- Illustrator User Guide
- Get to know Illustrator
- Introduction to Illustrator
- Workspace basics
- Learn faster with the Illustrator Discover panel
- Create documents
- Default keyboard shortcuts
- Customize keyboard shortcuts
- Introduction to artboards
- Manage artboards
- Customize the workspace
- Properties panel
- Set preferences
- Touch Workspace
- Microsoft Surface Dial support in Illustrator
- Undo edits and manage design history
- Rotate view
- Rulers, grids, and guides
- Accessibility in Illustrator
- Safe Mode
- View artwork
- Use the Touch Bar with Illustrator
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- Select tools
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- Generative AI (not available in mainland China)
- Quick actions
- Illustrator on the web (beta)
- Illustrator on the web (beta) overview
- Illustrator on the web (beta) FAQ
- Keyboard shortcuts for Illustrator on the web (beta)
- Create and combine shapes on the web
- Add and edit text on the web
- Apply colors and gradients on the web
- Draw and edit paths on the web
- Work with cloud documents on the web
- Invite collaborators to edit on the web
- Illustrator on the iPad
- Introduction to Illustrator on the iPad
- Select and arrange objects
- Work with images
- Cloud documents
- Add and edit content
- Drawing basics
- Edit paths
- Draw pixel-perfect art
- Draw with the Pen, Curvature, or Pencil tool
- Draw simple lines and shapes
- Draw rectangular and polar grids
- Draw and edit flares
- Image Trace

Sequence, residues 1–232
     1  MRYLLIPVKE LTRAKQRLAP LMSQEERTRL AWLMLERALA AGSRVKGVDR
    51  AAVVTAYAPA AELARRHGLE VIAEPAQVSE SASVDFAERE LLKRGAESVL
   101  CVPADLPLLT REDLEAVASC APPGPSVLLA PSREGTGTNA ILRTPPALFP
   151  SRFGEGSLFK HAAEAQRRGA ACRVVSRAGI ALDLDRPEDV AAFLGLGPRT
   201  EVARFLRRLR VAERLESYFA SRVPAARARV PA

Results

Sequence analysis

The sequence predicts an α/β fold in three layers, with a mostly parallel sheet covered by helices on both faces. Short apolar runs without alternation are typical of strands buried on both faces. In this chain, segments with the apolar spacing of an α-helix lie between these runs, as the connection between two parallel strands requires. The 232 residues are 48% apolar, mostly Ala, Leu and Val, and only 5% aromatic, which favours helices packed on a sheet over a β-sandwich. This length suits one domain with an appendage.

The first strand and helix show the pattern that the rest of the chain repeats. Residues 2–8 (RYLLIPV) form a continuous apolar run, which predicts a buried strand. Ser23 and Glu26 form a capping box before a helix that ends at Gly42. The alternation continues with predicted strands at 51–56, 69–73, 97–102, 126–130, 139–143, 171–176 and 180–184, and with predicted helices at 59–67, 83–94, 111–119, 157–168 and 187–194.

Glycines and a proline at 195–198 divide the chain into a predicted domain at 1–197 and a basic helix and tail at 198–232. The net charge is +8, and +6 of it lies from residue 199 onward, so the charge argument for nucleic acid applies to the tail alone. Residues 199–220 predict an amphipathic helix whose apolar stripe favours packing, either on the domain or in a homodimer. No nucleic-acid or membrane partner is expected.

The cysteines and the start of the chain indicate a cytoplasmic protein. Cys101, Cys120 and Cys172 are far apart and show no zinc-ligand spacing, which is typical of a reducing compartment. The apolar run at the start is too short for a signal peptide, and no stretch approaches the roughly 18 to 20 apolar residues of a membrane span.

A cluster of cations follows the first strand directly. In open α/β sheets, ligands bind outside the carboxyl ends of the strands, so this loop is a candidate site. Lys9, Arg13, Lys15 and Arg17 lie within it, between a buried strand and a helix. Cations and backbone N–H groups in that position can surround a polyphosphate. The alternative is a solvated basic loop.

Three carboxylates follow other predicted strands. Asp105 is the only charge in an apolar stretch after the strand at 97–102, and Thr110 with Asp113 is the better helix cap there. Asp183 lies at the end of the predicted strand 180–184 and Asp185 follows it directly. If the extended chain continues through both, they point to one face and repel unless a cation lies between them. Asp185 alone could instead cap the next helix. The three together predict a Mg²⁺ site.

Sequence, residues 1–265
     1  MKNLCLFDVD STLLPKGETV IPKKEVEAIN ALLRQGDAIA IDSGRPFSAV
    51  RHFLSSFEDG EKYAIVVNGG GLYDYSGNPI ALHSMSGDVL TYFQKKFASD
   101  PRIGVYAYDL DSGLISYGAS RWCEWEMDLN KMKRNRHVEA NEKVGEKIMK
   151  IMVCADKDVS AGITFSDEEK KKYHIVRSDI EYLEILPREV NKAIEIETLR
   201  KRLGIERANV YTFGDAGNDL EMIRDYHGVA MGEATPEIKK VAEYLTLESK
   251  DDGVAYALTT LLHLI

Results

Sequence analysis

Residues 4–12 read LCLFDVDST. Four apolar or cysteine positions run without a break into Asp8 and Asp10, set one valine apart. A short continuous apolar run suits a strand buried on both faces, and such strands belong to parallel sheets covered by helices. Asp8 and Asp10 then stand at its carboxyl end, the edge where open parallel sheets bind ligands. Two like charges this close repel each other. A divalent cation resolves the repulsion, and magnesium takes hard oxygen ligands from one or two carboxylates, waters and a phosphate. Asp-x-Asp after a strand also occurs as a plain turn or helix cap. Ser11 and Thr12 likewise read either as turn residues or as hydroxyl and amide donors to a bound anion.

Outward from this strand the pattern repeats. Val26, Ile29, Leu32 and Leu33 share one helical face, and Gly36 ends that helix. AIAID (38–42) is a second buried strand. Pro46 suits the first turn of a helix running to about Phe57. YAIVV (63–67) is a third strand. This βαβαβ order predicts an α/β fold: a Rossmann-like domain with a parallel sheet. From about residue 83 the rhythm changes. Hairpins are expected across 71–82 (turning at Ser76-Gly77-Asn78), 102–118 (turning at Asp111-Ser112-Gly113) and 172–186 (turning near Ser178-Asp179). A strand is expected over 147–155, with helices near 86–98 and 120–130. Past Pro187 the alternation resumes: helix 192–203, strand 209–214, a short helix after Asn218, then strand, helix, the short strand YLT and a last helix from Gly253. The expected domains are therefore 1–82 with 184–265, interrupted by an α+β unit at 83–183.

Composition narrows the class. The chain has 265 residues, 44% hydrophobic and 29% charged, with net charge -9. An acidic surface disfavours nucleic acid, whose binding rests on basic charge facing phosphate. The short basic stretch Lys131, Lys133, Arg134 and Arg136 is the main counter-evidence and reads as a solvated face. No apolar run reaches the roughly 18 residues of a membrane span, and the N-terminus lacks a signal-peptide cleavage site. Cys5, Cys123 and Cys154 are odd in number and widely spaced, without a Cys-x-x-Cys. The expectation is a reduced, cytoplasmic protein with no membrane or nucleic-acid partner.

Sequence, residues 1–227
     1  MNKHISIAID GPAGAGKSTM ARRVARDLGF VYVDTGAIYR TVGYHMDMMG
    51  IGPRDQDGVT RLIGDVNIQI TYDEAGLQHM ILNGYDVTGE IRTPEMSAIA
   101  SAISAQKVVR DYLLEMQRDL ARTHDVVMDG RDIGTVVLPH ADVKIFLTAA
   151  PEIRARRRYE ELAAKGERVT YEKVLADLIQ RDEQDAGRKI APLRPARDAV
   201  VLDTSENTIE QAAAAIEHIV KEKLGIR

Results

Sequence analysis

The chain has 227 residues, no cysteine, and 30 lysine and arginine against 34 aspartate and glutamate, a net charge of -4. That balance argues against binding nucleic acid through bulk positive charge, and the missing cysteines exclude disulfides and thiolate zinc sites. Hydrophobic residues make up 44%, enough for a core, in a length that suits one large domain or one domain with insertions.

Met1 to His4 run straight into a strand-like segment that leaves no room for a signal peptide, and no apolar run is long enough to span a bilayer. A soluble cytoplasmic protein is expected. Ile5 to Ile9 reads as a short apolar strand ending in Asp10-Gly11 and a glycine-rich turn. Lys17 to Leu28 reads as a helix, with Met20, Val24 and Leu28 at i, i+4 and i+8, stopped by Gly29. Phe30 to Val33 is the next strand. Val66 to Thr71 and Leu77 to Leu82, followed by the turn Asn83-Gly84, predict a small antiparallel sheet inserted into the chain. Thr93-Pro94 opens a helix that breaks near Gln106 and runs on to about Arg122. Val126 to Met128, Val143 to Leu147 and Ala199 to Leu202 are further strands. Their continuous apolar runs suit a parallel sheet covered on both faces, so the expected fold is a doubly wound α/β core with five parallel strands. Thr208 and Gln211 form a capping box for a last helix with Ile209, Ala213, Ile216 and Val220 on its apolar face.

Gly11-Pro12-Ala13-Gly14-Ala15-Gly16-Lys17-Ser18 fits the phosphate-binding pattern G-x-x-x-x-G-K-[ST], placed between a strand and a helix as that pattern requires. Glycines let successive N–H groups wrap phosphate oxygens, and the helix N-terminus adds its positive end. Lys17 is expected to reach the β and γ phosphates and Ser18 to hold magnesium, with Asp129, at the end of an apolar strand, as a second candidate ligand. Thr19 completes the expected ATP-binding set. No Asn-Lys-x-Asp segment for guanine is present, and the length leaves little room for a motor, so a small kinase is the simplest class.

- Simplify a path
- Symbolism tools and symbol sets
- Adjust path segments
- Design a flower in 5 easy steps
- Create and edit a perspective grid
- Draw and modify objects on a perspective grid
- Use objects as symbols for repeat use
- Draw pixel-aligned paths for web workflows
- Measure and plot dimensions
- 3D objects and materials
- Select and arrange objects
- Reshape objects
- Crop images
- Transform objects
- Combine objects
- Cut, divide, and trim objects
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- Scale, shear, and distort objects
- Blend objects
- Reshape using envelopes
- Reshape objects with effects
- Build new shapes with Shaper and Shape Builder tools
- Work with Live Corners
- Enhanced reshape workflows with touch support
- Edit clipping masks
- Live shapes
- Create shapes using the Shape Builder tool
- Global editing
- Add text and work with type objects
- Create bulleted and numbered lists
- Manage text area
- Fonts and typography
- Convert text within images into editable text
- Add basic formatting to text
- Add advanced formatting to text
- Import and export text
- Format paragraphs
- Special characters
- Create type on a path
- Character and paragraph styles
- Find missing fonts (Typekit workflow)
- Arabic and Hebrew type
- Fonts | FAQ and troubleshooting tips
- Create 3D text effect
- Creative typography designs
- Scale and rotate type
- Line and character spacing
- Hyphenation and line breaks
- Spelling and language dictionaries
- Format Asian characters
- Composers for Asian scripts
- Create text designs with blend objects
- Create a text poster using Image Trace
- Create special effects
- Web graphics
- Import, export, and save
- Creative Cloud Libraries in Illustrator
- Prepare for printing
- Automate tasks
Learn how to use overprint in Illustrator.
By default, when you print opaque, overlapping colors, the top color knocks out the area underneath. You can use overprinting to prevent knockout and make the topmost overlapping printing ink appear transparent in relation to the underlying ink. The degree of transparency in printing depends on the ink, paper, and printing method used. Consult your print shop to determine how these variables will affect your final artwork.